• Old Fall River Road.  You either want to drive it or not.  This is a one-way road that ends up at the Alpine Visitor Center.  It’s a gravel road, full of switchbacks, steep drop offs, and has a 15 mph speed limit.  It’s very scenic, I’ll give it that.  We’ve driven it once, and I was pretty nervous the whole time.  It didn’t help that we could see one of those afternoon storms coming toward us.  That afternoon storm even dropped some sleet and snow on us, seriously!
Old Fall River Road Rocky Mountain National Park

Notice the steep drop off and narrow gravel road….fair warning!

  • Bonus tip – Read tip #1 again.

That’s my 25 tips for a better trip!  RMNP is one of the best parks to get out and enjoy.  The hiking is amazing and there is so much to see and do!  Your family will definitely experience a lot of firsts!

What tips can you add to my list?  The more the better, because everyone wants to have an awesome vacation!

Here are 25 tips to insure that your first trip to Rocky Mountain National Park is full of scenic hikes, a lot of wildlife sightings, and no crowds.<img

25 tips to avoid vacation disaster when visiting Rocky Mountain National Park

14 Comments

  • Crystal // Dreams, etc. September 3, 2017 at 11:44 pm

    A few years ago a friend and I went to Glacier National Park. It was during the off season so no one was at the booths, so eventually we just drove in. We totally felt like we were doing something wrong! But we couldn’t get that far into the park anyway. (We knew we wouldn’t be able to.) We still loved what we saw, though!

    I was just at Rocky Mountain National Park a few weeks ago. It was a really rainy day so all we were able to was drive around and stop at a few places to take a look, but it was still gorgeous! Would love to go back one day.

    Reply
    • Vicki September 4, 2017 at 3:21 pm

      We love RMNP! I haven’t been to Glacier yet, but am planning to go within the next few years (before the glaciers are gone).

      Reply
  • Sam @ The Haunted Housewife August 29, 2017 at 1:36 pm

    I’ve never been hiking before, but this was so helpful! I haven’t been to any National Parks yet unfortunately!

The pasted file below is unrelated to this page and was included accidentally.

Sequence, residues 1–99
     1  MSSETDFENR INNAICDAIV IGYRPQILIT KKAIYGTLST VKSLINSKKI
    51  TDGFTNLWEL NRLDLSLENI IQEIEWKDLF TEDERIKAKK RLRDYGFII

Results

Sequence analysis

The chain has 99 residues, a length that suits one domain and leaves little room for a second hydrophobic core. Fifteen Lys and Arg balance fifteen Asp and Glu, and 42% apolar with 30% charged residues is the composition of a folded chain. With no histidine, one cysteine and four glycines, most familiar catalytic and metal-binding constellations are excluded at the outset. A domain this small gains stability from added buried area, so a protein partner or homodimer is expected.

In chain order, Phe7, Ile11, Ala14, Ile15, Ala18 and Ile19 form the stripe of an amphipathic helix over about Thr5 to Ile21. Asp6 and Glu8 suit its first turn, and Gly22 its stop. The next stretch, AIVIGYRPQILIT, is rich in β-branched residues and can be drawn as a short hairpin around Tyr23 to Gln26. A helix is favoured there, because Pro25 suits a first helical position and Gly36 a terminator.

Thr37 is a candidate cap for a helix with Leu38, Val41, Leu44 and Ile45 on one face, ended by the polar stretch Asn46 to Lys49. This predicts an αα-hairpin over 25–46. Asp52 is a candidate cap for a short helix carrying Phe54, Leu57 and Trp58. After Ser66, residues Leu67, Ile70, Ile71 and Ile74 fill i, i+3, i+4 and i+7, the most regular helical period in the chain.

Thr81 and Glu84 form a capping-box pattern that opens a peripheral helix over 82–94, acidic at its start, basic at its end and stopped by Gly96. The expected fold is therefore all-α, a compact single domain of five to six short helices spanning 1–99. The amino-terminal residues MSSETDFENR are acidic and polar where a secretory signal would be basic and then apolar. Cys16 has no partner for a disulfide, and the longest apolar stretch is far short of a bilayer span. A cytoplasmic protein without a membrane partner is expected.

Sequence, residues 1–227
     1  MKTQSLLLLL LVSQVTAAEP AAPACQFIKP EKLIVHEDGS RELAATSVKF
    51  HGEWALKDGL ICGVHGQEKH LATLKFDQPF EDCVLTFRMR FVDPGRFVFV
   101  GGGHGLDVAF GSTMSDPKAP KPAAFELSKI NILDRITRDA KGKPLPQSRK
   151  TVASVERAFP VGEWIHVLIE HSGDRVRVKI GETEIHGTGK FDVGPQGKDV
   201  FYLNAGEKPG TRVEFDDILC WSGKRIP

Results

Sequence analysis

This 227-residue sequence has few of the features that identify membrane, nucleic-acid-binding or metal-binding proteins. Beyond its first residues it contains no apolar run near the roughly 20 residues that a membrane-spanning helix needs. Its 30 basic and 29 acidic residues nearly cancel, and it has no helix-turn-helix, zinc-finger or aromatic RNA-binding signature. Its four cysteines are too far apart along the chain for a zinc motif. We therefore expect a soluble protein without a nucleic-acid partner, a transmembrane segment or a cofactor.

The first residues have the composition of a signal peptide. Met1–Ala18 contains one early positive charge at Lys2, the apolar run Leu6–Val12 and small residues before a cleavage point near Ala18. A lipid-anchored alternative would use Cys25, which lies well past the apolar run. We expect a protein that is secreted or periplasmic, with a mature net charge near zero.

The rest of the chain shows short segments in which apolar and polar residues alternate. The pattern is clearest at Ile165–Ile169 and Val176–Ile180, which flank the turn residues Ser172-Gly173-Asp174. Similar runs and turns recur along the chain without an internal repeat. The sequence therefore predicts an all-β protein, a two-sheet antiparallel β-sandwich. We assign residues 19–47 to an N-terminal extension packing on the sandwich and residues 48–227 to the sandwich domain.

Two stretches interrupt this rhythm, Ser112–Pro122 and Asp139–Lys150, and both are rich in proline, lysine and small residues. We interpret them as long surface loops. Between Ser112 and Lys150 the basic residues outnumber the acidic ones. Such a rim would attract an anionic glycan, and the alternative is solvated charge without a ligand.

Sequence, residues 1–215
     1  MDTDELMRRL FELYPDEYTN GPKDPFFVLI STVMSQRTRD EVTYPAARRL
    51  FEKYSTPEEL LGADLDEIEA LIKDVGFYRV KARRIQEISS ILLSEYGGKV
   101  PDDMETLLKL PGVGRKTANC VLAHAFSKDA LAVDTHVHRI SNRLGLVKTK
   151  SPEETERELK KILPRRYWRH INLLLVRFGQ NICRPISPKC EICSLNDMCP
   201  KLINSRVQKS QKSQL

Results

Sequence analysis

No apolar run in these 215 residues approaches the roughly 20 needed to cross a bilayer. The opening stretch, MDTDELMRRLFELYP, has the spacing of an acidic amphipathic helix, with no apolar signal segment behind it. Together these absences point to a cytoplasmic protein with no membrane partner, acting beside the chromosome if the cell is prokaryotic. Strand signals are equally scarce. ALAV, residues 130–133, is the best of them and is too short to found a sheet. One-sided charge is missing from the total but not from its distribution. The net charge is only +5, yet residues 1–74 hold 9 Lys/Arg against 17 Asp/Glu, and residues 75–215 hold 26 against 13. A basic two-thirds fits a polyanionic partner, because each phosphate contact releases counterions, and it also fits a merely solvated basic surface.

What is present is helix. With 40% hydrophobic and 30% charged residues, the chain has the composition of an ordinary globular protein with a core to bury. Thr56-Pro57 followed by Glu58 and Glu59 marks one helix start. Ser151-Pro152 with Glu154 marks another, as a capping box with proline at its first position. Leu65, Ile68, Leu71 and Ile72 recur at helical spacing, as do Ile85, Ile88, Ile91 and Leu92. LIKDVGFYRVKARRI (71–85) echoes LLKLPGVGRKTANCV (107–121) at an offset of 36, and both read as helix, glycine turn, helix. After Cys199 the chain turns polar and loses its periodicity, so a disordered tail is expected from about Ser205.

Reply
    • Vicki August 31, 2017 at 8:16 am

      RMNP would be a great park for your first!

      Reply
  • Shan August 26, 2017 at 11:49 pm

    Beautiful!!! Definitely bucket list.

    Reply
  • Kuleigh August 24, 2017 at 7:53 pm

    These are excellent tips! I haven’t been to any National Parks yet but they’re ALL on my bucket list!

    Reply
    • Vicki August 25, 2017 at 7:50 am

      Thank you! Our National Parks are beautiful!

      Reply
  • Stephanie | Adventures in Aussieland August 24, 2017 at 6:45 pm

    I’ve never been to RMNP but I’ve always wanted to go. These tips are really great! I’m going to save this post for when I plan my next trip to America.

    Reply
    • Vicki August 25, 2017 at 7:51 am

      Thanks Stephanie!

      Reply
  • Meagan August 24, 2017 at 6:07 pm

    This is a fantastic guide! We’ve talked a lot about exploring more domestic destinations, and this is definitely giving us some inspo 🙂

    Reply
    • Vicki August 25, 2017 at 7:51 am

      Thank you!

      Reply
  • Christina S August 24, 2017 at 5:54 pm

    Great tips! FYI on trying to skirt the park pass by going when it’s not staffed: I know some National Parks have started doing parking lot checks later in the morning to make sure you have a pass displayed. If you don’t, you get a ticket that costs way more than the pass! It would be such a bummer on vacation…

    Reply
    • Vicki August 25, 2017 at 7:53 am

      Yes, that would be a bummer! RMNP doesn’t give you a pass to put in the window, but I did notice warning tickets on cars that were parked in the wrong spots! Vacations are expensive enough without getting tickets!

      Reply
  • Rocky Mountain National Park - The Best Hikes for Families - That Was A First August 13, 2017 at 5:27 pm

    […] You have a lot to keep track of when traveling with kids, so let me take care of the hikes your family should do.  And no, you aren’t going to be hiking anywhere near Long’s Peak.  If you need more insider information about what to do in Estes Park and RMNP, read my previous posts about planning three perfect days in Estes Park and my 25 tips for your first visit to RMNP. […]

    Reply